July 2, 2014
According to statistics collected via Dr.Web CureIt!, Trojan.BPlug.78—a malicious browser plugin that displays annoying ads—was the malware most frequently detected on home PCs. Trojan.Packed.242524, which installs unwanted applications in infected systems, ranked second, while another adware plugin—Trojan.Bplug.48—ranked third. The top twenty most common malicious programs discovered on PCs by Dr.Web CureIt! in June 2014 are listed in the table below:
The botnet consisting of computers compromised by the file infector Win32.Rmnet.12 is still active. As in the last month, the first of two Win32.Rmnet.12 subnets being monitored by Doctor Web's virus analysts experienced a daily average of 165,500 connections being made to it by infected computers. A diagram of that subnet’s activity is presented below:
Win32.Rmnet.12 botnet activity in June 2014
In the second subnet, on average 270,000 bots were operating daily which is a bit more than in the previous month.
The botnet comprised of machines infected with Trojan.Rmnet.19 is also still operational. The diagram below shows the average daily number of PCs (infected with this malware) that communicated with a command and control (C&C) server over the course of the month.
The largest botnet to date, which encompasses machines running Mac OS X that are infected with BackDoor.Flashback.39, is also still in operation. In June, the average number of infected Macs decreased by about 1,000 and totalled 14,216. The botnet’s activity is presented in the following diagram:
Doctor Web's security researchers continue to monitor the large botnet created by criminals using the file infector Win32.Sector. This program downloads various malicious programs via P2P networks and launches them on infected computers. By no means over the past month did this botnet’s activity decline; nor did the file infector's rate of spread. Below you can find a graph illustrating the activity of the Win32.Sector botnet in June 2014:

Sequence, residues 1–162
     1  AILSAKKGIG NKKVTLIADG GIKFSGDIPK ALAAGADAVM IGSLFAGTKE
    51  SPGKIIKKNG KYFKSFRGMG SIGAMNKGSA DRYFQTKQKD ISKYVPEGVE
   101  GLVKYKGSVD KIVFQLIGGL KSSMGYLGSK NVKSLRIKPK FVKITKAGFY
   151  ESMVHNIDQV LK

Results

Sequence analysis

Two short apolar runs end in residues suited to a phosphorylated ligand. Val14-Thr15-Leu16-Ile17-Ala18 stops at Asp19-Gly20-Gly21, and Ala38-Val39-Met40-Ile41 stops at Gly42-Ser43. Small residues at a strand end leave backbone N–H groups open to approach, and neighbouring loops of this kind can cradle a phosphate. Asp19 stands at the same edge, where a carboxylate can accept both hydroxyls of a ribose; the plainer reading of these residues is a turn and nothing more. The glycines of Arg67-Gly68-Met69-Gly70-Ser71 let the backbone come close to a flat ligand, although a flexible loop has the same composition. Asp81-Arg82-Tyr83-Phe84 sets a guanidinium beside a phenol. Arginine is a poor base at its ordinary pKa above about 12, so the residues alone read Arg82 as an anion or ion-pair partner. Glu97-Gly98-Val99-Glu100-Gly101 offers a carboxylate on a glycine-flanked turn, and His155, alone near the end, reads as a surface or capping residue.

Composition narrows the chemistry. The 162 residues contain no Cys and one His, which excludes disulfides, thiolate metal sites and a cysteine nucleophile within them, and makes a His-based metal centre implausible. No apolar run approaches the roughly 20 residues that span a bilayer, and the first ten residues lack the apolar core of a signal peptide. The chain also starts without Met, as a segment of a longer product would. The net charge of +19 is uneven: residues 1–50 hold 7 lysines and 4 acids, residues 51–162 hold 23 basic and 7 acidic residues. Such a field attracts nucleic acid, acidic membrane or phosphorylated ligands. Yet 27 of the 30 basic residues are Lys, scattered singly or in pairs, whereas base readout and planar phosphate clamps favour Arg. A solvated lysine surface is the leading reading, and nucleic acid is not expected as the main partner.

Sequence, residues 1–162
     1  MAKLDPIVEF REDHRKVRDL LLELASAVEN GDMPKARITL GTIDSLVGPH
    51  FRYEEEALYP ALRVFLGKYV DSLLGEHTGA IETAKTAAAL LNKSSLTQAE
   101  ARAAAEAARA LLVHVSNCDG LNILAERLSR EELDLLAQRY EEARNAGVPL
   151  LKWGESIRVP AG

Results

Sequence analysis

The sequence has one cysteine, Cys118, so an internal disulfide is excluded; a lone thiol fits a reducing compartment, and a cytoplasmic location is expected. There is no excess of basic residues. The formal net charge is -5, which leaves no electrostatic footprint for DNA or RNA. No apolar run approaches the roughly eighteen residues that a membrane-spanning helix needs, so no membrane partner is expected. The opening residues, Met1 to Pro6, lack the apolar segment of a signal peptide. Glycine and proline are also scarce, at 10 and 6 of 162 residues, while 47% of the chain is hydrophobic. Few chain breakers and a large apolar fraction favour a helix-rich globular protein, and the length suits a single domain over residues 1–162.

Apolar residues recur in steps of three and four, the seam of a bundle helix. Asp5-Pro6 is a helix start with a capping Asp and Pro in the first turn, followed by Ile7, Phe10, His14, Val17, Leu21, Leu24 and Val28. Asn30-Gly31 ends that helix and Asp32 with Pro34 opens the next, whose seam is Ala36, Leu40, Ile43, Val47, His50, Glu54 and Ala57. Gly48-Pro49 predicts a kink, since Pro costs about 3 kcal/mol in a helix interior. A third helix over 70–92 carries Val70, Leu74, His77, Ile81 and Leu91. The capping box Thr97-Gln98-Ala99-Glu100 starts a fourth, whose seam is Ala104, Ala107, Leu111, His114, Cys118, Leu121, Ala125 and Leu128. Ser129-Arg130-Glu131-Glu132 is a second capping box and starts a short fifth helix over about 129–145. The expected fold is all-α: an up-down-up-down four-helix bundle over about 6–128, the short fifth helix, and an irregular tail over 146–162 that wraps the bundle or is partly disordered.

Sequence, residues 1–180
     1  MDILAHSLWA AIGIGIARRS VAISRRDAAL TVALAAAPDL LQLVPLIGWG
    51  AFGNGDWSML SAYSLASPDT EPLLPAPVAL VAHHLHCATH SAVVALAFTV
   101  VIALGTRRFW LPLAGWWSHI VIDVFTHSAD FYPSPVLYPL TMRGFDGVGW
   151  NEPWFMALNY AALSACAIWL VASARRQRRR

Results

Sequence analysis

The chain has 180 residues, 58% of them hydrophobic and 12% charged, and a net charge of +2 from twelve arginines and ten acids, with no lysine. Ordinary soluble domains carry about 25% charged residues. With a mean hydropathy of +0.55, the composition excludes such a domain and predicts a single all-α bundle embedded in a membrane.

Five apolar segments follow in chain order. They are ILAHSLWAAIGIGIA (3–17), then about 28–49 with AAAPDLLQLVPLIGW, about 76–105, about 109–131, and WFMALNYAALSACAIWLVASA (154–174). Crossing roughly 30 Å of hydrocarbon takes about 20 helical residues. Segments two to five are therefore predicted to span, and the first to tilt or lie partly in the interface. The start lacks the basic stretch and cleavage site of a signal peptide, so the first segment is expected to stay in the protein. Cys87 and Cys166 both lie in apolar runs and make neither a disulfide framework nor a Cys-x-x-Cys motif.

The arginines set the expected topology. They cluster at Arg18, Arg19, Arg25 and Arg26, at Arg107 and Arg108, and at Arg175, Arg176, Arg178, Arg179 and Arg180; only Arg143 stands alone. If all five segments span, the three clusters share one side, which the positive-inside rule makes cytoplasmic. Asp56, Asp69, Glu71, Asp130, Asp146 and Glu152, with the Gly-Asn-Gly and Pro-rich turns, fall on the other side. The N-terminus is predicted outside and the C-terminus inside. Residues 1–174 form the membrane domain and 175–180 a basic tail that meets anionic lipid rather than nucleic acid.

Other June threats
Doctor Web’s security researchers are discovering increasingly more malicious programs for Linux. For example, in June, the entry for Trojan Linux.BackDoor.Gates.5 , which is designed to mount DDoS attacks and perform classic backdoor functions, was added to the Dr.Web virus database. This Trojan targets 32-bit Linux distributions. It collects information about infected computers and sends it to criminals. Such information includes the number of CPU cores and the processor’s clock frequency, operational parameters, memory size, network interface data, and the MAC addresses of network devices, etc. This malicious program runs on infected computers as a daemon. It establishes a connection to a C&C server to receive instructions. When commanded by criminals, the program can update itself, start and stop a DDoS attack on a remote node with a specified IP address and port, or establish a connection and execute commands from another remote node at a specified IP address. More details about Linux.BackDoor.Gates.5’s architecture and principles of operation can be found in a corresponding Doctor Web review.